By now we all know the story. Last week, Khalid al-Assad, the 83-year-old director of the antiquities at Palmyra, was brutally butchered by ISIS. He had been held for about a month before he was beheaded, but steadfastly refused to divulge the location of ancient city’s finest treasures. It was a murder “aimed at killing civilization, modernity, and all of humanity,” according to Syrian philosopher and thinker Ahmed Barqawi.
Khalil al-Hariri, a relative of Asaad’s, said that the scholar’s deep connections with “every artifact and every stone” in Palmyra meant he would not abandon his home. “Asaad refused to leave the city, although he was aware of the danger he was facing,” Hariri said. “They brought him to the square in a black van, then used loudspeakers to call for people to come and watch the execution,” Palmyra resident Abu Mohammed al-Tadmuri said after news of Asaad’s killing broke.
And naturally ISIS showed the pictures. From the same Atlantic article (here):
A graphic photo shared by ISIS accounts on social media purported to show Asaad’s bloodied and headless body hung by an orange rope on what looks like a traffic light. The elderly man’s head, its spectacles still intact, had been placed on the ground between his feet. A handwritten placard tied to the body identified the victim as “the apostate Khalid Muhammad al-Asaad” and accused him of being loyal to the “Nusayri regime,” a derogatory term for the Alawite government of Syrian President Bashar al-Assad.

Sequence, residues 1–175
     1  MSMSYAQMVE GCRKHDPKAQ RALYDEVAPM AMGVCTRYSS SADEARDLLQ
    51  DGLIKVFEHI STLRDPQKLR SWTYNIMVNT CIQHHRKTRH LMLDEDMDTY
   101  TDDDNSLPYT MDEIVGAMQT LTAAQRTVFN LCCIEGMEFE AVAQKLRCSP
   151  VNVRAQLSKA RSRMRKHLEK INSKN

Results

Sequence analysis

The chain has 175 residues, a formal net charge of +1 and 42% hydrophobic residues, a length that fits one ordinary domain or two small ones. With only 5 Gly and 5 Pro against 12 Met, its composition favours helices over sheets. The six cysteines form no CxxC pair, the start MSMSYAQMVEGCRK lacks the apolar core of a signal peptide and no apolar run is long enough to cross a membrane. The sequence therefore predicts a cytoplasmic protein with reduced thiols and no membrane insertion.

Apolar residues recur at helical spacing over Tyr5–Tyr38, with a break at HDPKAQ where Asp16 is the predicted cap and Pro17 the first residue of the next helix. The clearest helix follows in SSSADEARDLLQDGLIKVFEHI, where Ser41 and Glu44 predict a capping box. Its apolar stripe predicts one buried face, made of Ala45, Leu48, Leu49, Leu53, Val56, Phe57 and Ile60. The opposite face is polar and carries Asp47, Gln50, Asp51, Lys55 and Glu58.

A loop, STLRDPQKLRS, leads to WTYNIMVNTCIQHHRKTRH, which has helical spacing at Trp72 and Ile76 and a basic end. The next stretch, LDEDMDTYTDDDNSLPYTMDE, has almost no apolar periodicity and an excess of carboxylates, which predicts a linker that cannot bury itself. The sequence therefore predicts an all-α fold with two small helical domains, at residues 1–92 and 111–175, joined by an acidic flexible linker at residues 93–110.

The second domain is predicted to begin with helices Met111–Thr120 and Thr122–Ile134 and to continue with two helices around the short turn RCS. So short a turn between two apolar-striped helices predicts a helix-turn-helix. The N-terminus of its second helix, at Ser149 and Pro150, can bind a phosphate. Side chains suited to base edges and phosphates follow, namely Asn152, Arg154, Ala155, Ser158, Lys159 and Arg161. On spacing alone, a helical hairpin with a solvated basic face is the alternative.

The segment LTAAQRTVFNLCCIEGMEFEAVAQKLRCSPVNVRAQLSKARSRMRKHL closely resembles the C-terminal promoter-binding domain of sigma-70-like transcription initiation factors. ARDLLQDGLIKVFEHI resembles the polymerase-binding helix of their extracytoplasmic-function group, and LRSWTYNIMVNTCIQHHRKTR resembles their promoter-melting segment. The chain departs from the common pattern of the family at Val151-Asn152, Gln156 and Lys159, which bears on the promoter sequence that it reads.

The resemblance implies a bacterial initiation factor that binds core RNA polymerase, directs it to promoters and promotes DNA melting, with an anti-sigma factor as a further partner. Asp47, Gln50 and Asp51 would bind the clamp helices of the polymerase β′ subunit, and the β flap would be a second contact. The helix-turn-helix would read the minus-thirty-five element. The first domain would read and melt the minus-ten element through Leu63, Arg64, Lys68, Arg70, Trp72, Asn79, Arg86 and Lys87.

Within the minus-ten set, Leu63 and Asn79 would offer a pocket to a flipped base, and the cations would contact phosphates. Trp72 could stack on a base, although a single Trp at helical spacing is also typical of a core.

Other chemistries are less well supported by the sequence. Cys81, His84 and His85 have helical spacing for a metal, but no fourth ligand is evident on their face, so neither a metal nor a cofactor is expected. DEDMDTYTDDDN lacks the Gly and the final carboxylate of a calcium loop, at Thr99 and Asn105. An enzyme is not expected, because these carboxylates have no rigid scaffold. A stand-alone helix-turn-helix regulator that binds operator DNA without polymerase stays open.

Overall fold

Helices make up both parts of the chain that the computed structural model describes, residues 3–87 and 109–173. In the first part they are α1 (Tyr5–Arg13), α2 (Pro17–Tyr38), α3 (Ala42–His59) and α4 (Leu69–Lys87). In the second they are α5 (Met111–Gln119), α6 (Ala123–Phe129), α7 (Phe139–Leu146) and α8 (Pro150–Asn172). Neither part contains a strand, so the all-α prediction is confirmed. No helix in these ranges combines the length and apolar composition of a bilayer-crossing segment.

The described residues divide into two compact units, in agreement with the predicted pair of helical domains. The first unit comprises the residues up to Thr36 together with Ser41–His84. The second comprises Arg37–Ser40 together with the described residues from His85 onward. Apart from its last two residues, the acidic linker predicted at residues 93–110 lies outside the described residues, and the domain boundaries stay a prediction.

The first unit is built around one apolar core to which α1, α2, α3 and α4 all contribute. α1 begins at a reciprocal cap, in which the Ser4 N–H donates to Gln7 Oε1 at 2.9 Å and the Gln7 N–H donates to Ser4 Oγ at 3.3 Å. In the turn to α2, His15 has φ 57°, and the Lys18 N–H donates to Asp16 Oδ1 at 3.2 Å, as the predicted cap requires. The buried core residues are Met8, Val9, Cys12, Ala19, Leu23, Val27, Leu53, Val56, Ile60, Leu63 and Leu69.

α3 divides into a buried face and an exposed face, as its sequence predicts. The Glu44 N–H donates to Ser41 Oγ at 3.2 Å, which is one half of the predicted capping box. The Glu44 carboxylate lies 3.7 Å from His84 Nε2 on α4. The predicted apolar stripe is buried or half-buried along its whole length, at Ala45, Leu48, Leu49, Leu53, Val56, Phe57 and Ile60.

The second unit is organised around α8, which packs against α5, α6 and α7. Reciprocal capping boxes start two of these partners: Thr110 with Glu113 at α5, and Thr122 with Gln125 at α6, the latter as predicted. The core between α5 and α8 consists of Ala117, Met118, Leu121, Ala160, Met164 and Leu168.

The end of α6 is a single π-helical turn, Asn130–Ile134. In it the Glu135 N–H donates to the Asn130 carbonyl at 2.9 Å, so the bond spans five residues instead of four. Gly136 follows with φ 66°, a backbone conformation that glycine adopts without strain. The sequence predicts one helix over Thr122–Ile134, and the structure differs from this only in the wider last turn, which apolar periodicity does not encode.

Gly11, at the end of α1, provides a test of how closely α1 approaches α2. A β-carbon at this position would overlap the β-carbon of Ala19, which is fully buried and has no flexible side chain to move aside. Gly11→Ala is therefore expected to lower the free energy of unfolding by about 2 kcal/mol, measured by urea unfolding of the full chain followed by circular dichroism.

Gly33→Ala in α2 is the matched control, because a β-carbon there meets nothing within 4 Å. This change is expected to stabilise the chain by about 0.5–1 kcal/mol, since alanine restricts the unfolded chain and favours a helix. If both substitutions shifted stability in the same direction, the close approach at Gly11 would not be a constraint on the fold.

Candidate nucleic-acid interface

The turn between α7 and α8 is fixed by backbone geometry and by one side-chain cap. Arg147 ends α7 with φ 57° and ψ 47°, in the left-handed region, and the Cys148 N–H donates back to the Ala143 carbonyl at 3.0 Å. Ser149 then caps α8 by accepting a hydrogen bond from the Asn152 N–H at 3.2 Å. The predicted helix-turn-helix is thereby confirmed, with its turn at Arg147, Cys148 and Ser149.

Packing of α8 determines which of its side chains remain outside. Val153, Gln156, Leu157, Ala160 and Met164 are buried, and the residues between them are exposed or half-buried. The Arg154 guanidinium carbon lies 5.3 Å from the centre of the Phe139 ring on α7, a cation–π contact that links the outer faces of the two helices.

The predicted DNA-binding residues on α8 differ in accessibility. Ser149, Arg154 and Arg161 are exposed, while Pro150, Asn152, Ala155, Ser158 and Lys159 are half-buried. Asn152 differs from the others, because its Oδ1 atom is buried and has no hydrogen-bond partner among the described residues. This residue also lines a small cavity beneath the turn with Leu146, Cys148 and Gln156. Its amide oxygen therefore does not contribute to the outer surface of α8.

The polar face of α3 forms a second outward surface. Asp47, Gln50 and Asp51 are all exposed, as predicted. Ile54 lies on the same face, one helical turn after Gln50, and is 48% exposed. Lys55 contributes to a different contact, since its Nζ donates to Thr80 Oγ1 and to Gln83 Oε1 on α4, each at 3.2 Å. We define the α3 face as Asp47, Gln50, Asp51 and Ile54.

He died in vain … from one angle, anyway. Palmyra was destroyed, and ISIS today released the photos of the destruction of the city, which was a caravan stop four millennia ago. It was part of the Seleucid Empire and, after the first century, part of the Roman Empire. Now it is rubble. I will not link to the photos, which are everywhere online, because the week belongs instead to Khalid al-Assad. He was Palmyra’s flowering achievement, rather than the other way around: He was a civilized man. I haven’t read much about this latest atrocity. There have been so many (and I’ve written about them here and here and here and here, among other places), but far and away the best thing I’ve read so far is by Henry Gould over at his blog, HG Poetics. In fact, it’s the reason for this post:
Asaad’s devoted life & iconic death reminded me of some remarks by Russian poet Osip Mandelstam, about how a person’s death somehow sums up and defines their life. This was certainly true in his own case : Mandelstam died a victim of a personal vendetta by another Osip (his evil twin), Joseph Stalin – after Mandelstam had written a brief satirical poem featuring Stalin as its target. Not a prudent thing to do in 1930’s Russia (nor in today’s Russia either, as a matter of fact). Yet Mandelstam had a commitment to something beyond his personal survival. As did Khalid al-Asaad. This is perhaps the “true” form of martyrdom, which, unlike the standard model popular today, does not require the mass murder of innocent bystanders in order to achieve its glorified apotheosis in Paradise. No, you only have to give up your own life. …
I would rather stand with Khalid al-Asaad, devoted as he was to some local piles of classical statues & pillars & broken ancient ruins. His devotion & his death reminded me of some lines of another fanatic old codger, Ezra Pound (from Canto LXXXI) :